It took only half a century, but at long last, I know a guy.
For years I could only listen at block parties as my neighbors spoke glowingly of "the guy" who combined superior knowledge with cost savings one would only find at thrift stores. Ray knew a guy who was a wiz at fixing computers, while Shawn's guy was a super-aggressive accountant who saved him thousands on his income taxes. Mike swore by his air conditioning guy, and Ed would never consider getting his car fixed by anyone other than "a guy I know who charges half what the other guys charge."
I yearned to jump into the conversation, inform the group about my "guy" and then feel my status in the "'hood" rocket upward as assorted neighbors came by with six packs, presented them to me and said, "Thanks, Greg. I called your guy."
And then I met Don.
I owe our meeting to a lame attempt at humor. During the Schwem family's annual garage sale, where we sell useless junk -- or "antique treasures" if we are talking to a potential customer -- a tech-savvy gentleman stopped by and purchased a Hewlett-Packard printer that I had listed for $15. He was overjoyed.
"This is perfect!" he said. "Just this morning mine started making this sound." And he cleared his throat repeatedly, which I assumed was his impression of a faulty printer.
"Sounds like my lawn mower," I joked.
"Oh, is your mower acting up?" he asked. "I know a guy. He can fix anything with an engine."
So could my local lawn mower dealer, although it cost 85 bucks just to enter the premises, and by the time the mower was repaired, small children could hide unseen in my overgrown lawn. I was all ears.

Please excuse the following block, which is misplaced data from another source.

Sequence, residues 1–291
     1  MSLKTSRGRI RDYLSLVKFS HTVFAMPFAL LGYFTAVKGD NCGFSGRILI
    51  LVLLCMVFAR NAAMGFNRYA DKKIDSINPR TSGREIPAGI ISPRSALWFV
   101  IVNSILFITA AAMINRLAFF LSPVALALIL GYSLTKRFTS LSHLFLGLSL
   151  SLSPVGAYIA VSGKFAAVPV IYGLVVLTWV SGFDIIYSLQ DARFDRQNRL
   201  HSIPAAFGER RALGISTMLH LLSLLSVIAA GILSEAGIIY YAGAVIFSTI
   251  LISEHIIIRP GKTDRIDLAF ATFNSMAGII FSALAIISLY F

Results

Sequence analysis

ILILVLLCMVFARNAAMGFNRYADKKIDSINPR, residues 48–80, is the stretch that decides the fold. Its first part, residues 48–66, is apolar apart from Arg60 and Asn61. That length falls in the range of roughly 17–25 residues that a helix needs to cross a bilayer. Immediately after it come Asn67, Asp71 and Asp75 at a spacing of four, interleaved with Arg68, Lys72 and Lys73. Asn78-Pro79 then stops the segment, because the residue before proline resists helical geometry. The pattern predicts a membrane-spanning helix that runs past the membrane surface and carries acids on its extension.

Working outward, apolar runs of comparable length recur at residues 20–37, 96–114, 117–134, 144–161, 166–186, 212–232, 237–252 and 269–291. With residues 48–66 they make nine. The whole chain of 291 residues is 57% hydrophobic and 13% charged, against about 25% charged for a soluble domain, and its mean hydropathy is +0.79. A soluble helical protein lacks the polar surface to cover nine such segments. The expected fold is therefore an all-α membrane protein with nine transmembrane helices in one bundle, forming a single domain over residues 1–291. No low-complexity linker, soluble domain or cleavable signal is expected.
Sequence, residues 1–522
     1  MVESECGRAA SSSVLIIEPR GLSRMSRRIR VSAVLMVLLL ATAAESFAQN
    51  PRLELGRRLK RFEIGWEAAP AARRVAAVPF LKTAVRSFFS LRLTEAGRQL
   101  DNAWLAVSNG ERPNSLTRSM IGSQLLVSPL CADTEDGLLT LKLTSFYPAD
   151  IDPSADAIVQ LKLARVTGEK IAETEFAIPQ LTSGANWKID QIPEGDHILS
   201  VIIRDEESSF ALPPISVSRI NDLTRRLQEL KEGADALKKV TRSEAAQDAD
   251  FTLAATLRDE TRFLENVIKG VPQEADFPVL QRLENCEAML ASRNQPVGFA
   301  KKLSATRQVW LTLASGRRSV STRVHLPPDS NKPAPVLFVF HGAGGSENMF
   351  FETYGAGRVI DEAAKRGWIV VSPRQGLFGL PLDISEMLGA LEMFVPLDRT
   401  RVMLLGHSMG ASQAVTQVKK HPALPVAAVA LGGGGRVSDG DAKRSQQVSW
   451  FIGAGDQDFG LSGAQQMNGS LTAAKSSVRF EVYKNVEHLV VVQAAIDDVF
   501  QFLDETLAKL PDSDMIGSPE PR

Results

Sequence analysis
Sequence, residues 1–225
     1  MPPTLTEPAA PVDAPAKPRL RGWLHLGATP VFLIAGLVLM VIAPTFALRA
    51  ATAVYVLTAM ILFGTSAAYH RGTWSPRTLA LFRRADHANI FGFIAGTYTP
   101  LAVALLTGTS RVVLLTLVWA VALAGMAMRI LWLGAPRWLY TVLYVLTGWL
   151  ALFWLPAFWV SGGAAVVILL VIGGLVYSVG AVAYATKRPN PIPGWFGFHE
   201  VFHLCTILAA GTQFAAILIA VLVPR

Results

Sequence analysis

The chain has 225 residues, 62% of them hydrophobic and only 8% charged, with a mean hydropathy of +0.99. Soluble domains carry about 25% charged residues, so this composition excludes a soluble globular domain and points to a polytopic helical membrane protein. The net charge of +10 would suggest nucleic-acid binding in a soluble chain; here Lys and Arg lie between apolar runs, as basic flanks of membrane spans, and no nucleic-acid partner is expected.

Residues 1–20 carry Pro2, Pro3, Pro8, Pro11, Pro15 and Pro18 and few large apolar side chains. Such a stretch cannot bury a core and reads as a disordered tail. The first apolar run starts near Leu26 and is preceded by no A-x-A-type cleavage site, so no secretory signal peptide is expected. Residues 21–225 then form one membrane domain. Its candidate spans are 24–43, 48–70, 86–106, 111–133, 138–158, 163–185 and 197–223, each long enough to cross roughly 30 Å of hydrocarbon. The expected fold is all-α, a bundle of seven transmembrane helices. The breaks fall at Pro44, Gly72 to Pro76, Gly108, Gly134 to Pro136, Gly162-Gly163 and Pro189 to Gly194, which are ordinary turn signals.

Whipping out a pen and paper, the printer guy wrote down a number. "His name's Don. Call him."
Thirty minutes later, mower in tow, I was at Don's house. He greeted me at the door, told me he'd retired from his career as a maintenance supervisor at a large casino and led me to a shed out back that he'd converted into a workshop. Don was certainly not lacking for work; mowers of all shapes and sizes awaited his expertise.
"The grass will be dead by the time he gets around to me," I thought.
"What's wrong with it?" Don asked.
"The wheels don't turn, and it grinds whenever I pull it back. Also, it's 15 years old so let me know if it needs to be put out to pasture."
"Give me a day and a half," Don said.
Sure enough, my cellphone rang at the precise time he promised.
"I replaced a couple of bearings and tuned it up," he said. "You owe me 43 bucks."
Did he really say 43 dollars? My local dealer never charged me two digits for a mower repair.
When I returned, Don was once again waiting for me. In addition to new bearings, he had sharpened the blade and changed the oil, two tasks I hadn't even requested.
Still skeptical that ANYTHING could be repaired for that amount, I took the mower home and fired it up. It literally catapulted from my grasp, racing across the yard and pruning the grass with a "zing" sound that I knew came from a freshly sharpened blade.
Why is it so difficult to find a "guy" like Don -- individuals who work for the sheer joy of helping others and who don't say, "Well, the labor took a little more time than I thought. That will be $1,800"? Blame our deteriorating work ethic and lack of honesty. But take comfort in knowing that, when you least expect it, a guy will surface.
In three months, my snow blower will receive Don's loving care. I may even bring along a six pack. Once my neighbors hear about him, I know I'll have plenty to go around.
(Greg Schwem is a corporate stand-up comedian and author of "Text Me If You're Breathing: Observations, Frustrations and Life Lessons From a Low-Tech Dad," available at http://amzn.to/schwem. Visit Greg on the web at http://www.gregschwem.com.)
Greg Schwem: Everybody should know a guy
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